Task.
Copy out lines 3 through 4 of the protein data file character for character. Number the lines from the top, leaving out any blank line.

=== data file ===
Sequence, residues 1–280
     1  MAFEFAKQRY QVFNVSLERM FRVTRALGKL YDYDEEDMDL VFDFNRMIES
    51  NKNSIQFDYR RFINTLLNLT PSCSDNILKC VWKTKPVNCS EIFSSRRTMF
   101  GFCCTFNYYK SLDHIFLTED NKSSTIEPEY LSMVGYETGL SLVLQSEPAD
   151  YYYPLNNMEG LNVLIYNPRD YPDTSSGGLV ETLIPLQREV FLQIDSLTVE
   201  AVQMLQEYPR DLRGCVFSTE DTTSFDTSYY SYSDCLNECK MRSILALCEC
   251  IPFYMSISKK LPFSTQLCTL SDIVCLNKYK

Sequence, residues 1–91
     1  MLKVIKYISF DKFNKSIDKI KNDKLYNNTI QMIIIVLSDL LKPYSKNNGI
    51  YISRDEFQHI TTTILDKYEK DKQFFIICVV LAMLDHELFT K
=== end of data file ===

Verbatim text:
    51  NKNSIQFDYR RFINTLLNLT PSCSDNILKC VWKTKPVNCS EIFSSRRTMF
   101  GFCCTFNYYK SLDHIFLTED NKSSTIEPEY LSMVGYETGL SLVLQSEPAD